This paper adds to aid volatility literature in three ways: First it tests the validity of the aid volatility and growth relationship from various aspects: across different time horizons, by sources of aid, and by aid volatility interactions with country characteristics. Second, it investigates the relationship by the level of aid absorption and spending. Third, when examining the relationship between International Development Association aid volatility and growth, it isolates International Development Association aid volatility due to the recipient country's performance from that due to other sources. The findings suggest that, in the long run, on average, aid volatility is negatively correlated with real economic growth. But the relationship is not even. It is stronger for Sub-Saharan African countries than for other regions and it is not present in middle-income countries or countries with strong institutions. For economies where aid is fully absorbed, aid volatility matters for long-run growth; economies with full aid spending also bear a negative impact of aid volatility on long-run growth. Where aid is not fully absorbed...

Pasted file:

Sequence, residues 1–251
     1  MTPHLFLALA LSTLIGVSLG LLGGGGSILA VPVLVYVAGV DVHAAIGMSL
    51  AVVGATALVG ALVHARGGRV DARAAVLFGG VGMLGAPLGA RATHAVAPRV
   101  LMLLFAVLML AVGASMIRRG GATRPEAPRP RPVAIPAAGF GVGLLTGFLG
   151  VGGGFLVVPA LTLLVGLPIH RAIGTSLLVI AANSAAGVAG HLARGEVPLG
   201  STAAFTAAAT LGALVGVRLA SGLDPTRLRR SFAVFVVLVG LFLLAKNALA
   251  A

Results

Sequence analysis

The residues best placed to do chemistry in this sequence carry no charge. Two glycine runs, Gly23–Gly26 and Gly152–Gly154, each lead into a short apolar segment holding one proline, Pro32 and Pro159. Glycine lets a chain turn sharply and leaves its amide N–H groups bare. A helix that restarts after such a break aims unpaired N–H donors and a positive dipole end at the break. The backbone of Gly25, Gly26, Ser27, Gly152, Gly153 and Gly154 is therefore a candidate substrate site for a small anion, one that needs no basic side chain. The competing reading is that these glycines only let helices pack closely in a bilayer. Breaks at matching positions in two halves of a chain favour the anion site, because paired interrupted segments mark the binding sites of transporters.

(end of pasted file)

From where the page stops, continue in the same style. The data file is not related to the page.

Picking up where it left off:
Economic Growth in Ghana : Determinants and Prospect

Raggl, Anna K.
Fonte: World Bank, Washington, DC Publicador: World Bank, Washington, DC
Tipo: Publications & Research :: Policy Research Working Paper; Publications & Research
ENGLISH; EN_US
Relevância na Pesquisa
46.09%
This paper employs a simple cross-country panel framework to assess the determinants of growth in Ghana's gross domestic product over the past four decades. A set of standard covariates is used to explain growth rates. Natural resource variables are included because the effects of natural resource rents in gross domestic products are of particular interest for Ghana. Using the preferred specification, Ghana's growth potential is predicted for the upcoming decades under different scenarios. The results indicate that under the most pessimistic scenario of no improvements in the determinants of growth compared with the period 2005-09, Ghana's gross domestic product per capita growth rates will stagnate at approximately 4.5 percent during the next decade and decrease thereafter. If the policy measures and country characteristics improve in the way they did in the past three decades, average per capita growth rates of roughly 5.5 percent could be reached during 2015-34. Taking into account the expected oil production until 2034 adds 0.6 percentage points to projected gross domestic product growth rates on average.